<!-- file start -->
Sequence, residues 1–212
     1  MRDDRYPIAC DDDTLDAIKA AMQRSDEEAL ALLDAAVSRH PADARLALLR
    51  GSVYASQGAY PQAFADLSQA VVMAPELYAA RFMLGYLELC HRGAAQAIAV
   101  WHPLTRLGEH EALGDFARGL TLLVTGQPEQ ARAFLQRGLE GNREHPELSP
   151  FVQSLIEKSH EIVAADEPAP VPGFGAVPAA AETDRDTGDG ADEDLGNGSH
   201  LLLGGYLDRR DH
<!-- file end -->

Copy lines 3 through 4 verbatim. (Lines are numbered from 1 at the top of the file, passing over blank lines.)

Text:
    51  GSVYASQGAY PQAFADLSQA VVMAPELYAA RFMLGYLELC HRGAAQAIAV
   101  WHPLTRLGEH EALGDFARGL TLLVTGQPEQ ARAFLQRGLE GNREHPELSP